— I Was a Teen-Age Secret Weapon • Richard Sabia

... enjoyments is not life, is at all events a present loss, whilst the remuneration is doubtful, except where there happen to be powerful intellectual activities to reap an instant benefit from such sacrifices. Certainly it is the last extremity of impertinence to attack men's habits in this respect. No man, we may be assured, has ever yet practised any true self-denial in such a case, or ever will. Either he has been trained under a wholesome poverty to those habits which intercept the very development of a taste for luxuries, ...
— The Posthumous Works of Thomas De Quincey, Vol. II (2 vols) • Thomas De Quincey

... three stout colliers in Rig-gan who are my friends, I think," he said, "and I am going to ask them to face the Knoll Road with me. I should like to settle this matter to-night. If I give these fellows the chance to attack me, they will be the more easily disposed of. A few years in jail might have a salutary effect ...
— That Lass O' Lowrie's - 1877 • Frances Hodgson Burnett

... severe attack of what appeared to be cholera, and during my recovery Mrs. Hankey very kindly lent us her villa at Hampstead for a few weeks. There I went with my children, Somerville with some friends always coming to dinner on the Sundays. On one of these occasions there was a violent thunderstorm, and ...
— Personal Recollections, from Early Life to Old Age, of Mary Somerville • Mary Somerville

... determined that his entertainment should minister to all the senses of his guests, and had succeeded so well that there was only room to regret there were but five senses to be gratified. Only five gates in the fortified wall within which the shy soul intrenches itself, where an attack may be made. And even when these are all carried by storm, there are sometimes inner citadels, impregnable to the magic torrent streaming through the Beautiful Gates, where she may survey intruders with calm disdain. In vain floods of delicious intoxication beat against her lofty retreat: she calmly ...
— Atlantic Monthly, Volume 8, Issue 49, November, 1861 • Various

... can reasonably be supposing to have been by accident (for here the stress of the argument of Christianity lies), then is the truth of it proved. . . . It is obvious how much advantage the nature of this evidence gives to those persons who attack Christianity, especially in conversation. For it is easy to show in a short and lively manner that such and such things are liable to objection, but impossible to show, in like manner, the united force of the whole argument in one ...
— Reason and Faith; Their Claims and Conflicts • Henry Rogers

... sharp attack of influenza, when he had insisted upon being down and about, with a temperature of 104, he suddenly rose from the depths of a chair in which he had been lying, talking wild and feverish nonsense; stumbled over to the piano, dropped heavily upon the stool, then proceeded to ...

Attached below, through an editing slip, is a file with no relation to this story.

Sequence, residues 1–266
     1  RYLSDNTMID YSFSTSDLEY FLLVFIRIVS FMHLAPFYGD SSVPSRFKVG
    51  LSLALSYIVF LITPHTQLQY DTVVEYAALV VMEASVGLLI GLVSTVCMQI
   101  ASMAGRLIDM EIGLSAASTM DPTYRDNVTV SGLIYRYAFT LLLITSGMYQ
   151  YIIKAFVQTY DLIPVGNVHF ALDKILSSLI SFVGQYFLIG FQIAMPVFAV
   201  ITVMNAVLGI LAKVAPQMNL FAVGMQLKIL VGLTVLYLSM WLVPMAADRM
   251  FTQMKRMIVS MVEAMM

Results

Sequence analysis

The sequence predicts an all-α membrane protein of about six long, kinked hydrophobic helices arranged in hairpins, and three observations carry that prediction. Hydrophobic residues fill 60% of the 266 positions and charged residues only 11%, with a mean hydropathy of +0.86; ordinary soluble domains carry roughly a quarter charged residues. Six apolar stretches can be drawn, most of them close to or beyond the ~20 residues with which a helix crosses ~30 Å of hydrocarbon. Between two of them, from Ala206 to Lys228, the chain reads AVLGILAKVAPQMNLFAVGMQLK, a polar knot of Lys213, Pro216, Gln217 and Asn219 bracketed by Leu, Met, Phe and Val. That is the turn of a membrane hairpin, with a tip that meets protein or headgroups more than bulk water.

— The Upas Tree - A Christmas Story for all the Year • Florence L. Barclay

... bombs would protect us from him." "As he has not stopped to eat his victim," said Bearwarden, "it is fair to suppose he is not carnivorous, and so must have had some other motive than hunger in making the attack; unless we can suppose that our approach frightened him away, which, with such power as he must possess, seems unlikely. Let us see," he continued, "parts of two legs remain unaccounted for. Perhaps, on account of their shape, he has been able the more easily to carry or roll them off, for ...
— A Journey in Other Worlds • J. J. Astor

... from St. Luke's. Taken with an appendicitis attack at midnight. They operated at five this morning. One of those had-it- ...
— Roast Beef, Medium • Edna Ferber

... appeared at the door, and they went their way as they had come. Edward Darnell never heard any more of it, nor whether the girl died or recovered from her strange attack; but the scene had haunted his mind in boyhood, and now the recollection of it came to him with a certain note of warning, as a symbol of dangers that might ...
— The House of Souls • Arthur Machen

... rain was dashed by the storm into particles like dust. Ragged masses of vapor drove along the beach, on which the tormented shingles sounded as if poured out in cart-loads, while the sand raised by the wind added as it were mineral dust to that which was liquid, and rendered the united attack insupportable. Between the river's mouth and the end of the cliff, eddies of wind whirled and gusts from this maelstrom lashed the water which ran through the narrow valley. The smoke from the fireplace was also driven ...
— The Mysterious Island • Jules Verne